Tuesday, September 12, 2017

Why Tribals Do Mind being Ousted by Dams: Response to SA Iyer’s Unsupported Clean Chit to Sardar Sarovar Rehabilitation

SA Iyers’s piece in Times of India dated 10 Sept 2017, “Why many tribals don’t mind being ousted by dams”, examining the condition of some of the oustees of Sardar Sarovar Narmada dam, (https://blogs.timesofindia.indiatimes.com/Swaminomics/why-many-tribals-dont-mind-being-ousted-by-dams/ ) is a classic case of misinterpretation of data, hiding the more important issues, and conclusions not supported by research findings. Indeed, a proper reading of the article itself shows that unlike Iyer’s assertion, his own figures show that tribals do mind being ousted. Some important points are given below.

A rally by the oustees of Sardar Sarovar. Photo: Nandini Oza
Iyer claims that their “surveys showed, unambiguously, the resettled villagers were better off than their former neighbours in semi-evacuated villages.” In support, among the figures given from their survey, they point out that comparing the resettled with their former neighbours who remain in the original areas, the access to drinking water was 45% against 33%, to PHCs was 37% versus 12% and to hospitals 14% versus 3%. Given that the oustees were resettled between 25-30 years ago, and that the Sardar Sardar project has poured in hundreds of crores of rupees for resettlement, these figures don’t speak of oustees being better off, but indeed, point to the pathetic case of the oustees. After 30 years and massive money being spent, 55% of the rehabilitated people had no access to drinking water, 63% no access to a PHC and 86% no access to hospital. And this is when the oustees have been settled in areas closer to the cities and the former neighbours continue to remain in remote hilly areas. True, cycle and motorcycle ownership was more favourably distributed towards the oustees, but that may be simply because in the hilly areas, these are less useful. In any case, they are less crucial than drinking water, access to health services etc.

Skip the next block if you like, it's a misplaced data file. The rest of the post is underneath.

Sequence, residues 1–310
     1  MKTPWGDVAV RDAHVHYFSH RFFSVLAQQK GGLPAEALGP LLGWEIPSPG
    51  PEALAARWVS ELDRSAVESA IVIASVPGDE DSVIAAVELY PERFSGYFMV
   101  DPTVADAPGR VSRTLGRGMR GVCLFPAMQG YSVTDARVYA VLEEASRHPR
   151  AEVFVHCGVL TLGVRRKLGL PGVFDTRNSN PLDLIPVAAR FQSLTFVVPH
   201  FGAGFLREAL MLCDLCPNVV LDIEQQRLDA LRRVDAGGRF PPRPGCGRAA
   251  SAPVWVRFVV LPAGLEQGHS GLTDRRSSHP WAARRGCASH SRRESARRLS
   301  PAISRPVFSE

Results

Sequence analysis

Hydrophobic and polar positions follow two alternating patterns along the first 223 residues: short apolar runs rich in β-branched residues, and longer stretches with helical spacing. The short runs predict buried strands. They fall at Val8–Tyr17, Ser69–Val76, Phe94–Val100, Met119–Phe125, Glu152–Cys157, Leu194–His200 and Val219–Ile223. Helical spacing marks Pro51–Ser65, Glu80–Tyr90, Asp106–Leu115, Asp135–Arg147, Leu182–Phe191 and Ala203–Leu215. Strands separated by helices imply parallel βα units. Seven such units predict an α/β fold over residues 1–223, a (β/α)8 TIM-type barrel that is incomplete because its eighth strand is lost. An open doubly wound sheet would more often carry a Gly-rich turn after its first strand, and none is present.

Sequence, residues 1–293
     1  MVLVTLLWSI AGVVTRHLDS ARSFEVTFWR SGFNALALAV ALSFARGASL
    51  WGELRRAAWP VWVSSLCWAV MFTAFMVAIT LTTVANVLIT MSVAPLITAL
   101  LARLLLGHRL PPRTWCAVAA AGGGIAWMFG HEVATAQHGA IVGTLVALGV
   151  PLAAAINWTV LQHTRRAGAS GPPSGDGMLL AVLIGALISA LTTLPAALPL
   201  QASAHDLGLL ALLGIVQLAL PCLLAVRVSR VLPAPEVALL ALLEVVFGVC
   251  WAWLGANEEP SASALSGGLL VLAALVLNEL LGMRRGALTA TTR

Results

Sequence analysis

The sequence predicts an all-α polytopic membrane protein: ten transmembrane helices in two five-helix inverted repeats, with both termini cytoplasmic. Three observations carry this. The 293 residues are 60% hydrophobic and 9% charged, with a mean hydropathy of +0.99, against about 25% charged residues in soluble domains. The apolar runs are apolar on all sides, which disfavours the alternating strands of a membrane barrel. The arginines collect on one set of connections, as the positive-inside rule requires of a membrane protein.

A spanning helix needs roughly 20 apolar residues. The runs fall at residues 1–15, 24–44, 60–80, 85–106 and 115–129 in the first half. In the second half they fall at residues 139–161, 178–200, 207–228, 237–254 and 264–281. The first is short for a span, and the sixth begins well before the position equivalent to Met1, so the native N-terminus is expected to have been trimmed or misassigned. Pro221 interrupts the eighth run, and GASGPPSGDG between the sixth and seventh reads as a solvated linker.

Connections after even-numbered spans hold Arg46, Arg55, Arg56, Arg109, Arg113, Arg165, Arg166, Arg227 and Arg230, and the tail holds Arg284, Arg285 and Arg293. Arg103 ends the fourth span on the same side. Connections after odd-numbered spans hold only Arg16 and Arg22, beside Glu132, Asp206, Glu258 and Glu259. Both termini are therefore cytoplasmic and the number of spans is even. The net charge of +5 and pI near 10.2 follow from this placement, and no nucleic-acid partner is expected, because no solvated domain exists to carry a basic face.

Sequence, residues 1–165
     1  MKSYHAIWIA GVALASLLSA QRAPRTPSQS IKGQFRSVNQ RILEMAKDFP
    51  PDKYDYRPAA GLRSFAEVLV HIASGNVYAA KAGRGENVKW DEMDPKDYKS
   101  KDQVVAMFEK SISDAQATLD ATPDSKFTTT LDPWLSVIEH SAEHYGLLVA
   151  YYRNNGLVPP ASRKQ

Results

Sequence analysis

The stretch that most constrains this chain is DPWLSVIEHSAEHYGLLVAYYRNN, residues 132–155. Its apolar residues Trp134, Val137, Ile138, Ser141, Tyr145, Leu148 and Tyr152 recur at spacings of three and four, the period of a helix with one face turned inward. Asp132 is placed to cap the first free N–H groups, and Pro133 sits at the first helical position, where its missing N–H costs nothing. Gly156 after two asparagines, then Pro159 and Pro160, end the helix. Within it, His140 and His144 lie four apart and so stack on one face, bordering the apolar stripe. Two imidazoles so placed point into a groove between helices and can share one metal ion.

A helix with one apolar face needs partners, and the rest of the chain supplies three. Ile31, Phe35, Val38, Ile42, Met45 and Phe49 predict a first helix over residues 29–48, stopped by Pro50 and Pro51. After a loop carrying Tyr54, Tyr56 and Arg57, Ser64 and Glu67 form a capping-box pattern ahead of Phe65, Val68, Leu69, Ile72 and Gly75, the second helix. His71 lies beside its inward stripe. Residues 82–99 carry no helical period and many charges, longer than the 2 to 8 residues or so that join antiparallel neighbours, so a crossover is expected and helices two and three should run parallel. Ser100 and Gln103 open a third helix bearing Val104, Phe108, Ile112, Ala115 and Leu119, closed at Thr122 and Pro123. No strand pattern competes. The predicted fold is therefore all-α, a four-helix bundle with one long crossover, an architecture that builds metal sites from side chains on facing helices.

While Iyer claims that “Resettled villagers said they adjusted to new conditions…within two years” (something which we, as former activists of the NBA who have lived for years with them, find completely unbelievable), Iyer also finds that in response to the question whether “Would they prefer returning to their old villages, with the same land they had earlier? Around 54% said yes, 30% said no…” This response, after 30 years of resettlement, itself speaks volumes.  Iyer justifies this by saying that “For a majority, nostalgia for ancestral land and access to forests mattered more than greater material possessions.” But it’s not just nostalgia.  The forests, the river, also provided the tribals with substantial economic and livelihoods resources including fodder, fruits and fish. The fact is that the majority of the oustees at the resettlement continue to face multitude of problems like bad quality of land, lack of basic amenities, hostility from original residents etc. and many promises made to them remain unfulfilled. (May be they were just jumlas to get the oustees to move?). That is why to them the original village would still appear a better proposition from even an economic point of view. 

This is further substantiated by the response to the question “... if given the oustee compensation package, they would like to be ousted. In semi-evacuated villages, 31% wanted to move, 53% wanted to stay, in interior villages, a majority (52%) wanted to move, 35% wanted to stay…”. While clearly a majority of the former neighbours of the oustees indicated their lack of confidence in the rehabilitation package, the response of the “interior villages” is used by Iyer to make astounding conclusions about majority of tribals wanting to leave the forests. But the “interior villages” are those living near the mines of the GMDC, where mining has impacted them badly, even as it has brought them some access to infrastructure like roads. 

Overall, Iyer uses his data to draw some highly unwarranted and astounding generalisations that “it’s entirely possible to implement resettlement packages making tribals materially better off. ..explodes the claim of some activists that modernisation is disastrous for tribals…”

Last but not the least, his concluding line is most revealing. “Many tribals want to leave the forest for a better life.” In saying this, Iyer never raises the fundamental question as to why the tribal have to be evicted from their original village in case they want to have a better life, why is it that they cannot have access roads, drinking water, health facilities etc. unless they leave their original lands, homes and forests. If they did have many of these facilities in their original homes, even the limited advantages which Iyer’s study shows the oustees got, would have vanished.   In deliberately ignoring this fundamental issue, in not articulating what his own survey reveals, and in making sweeping generalisations, Iyer betrays a haste to give an unsupported clean chit to the project’s rehabilitation, the reality of which is far more dismal. 

Shripad Dharmadhikary (manthan.shripad@gmail.com)                                                 12 Sept 2017
Nandini Oza (nandinikoza@gmail.com)
The writers were both fulltime activists with the Narmada Bachao Andolan for close to 12 years.

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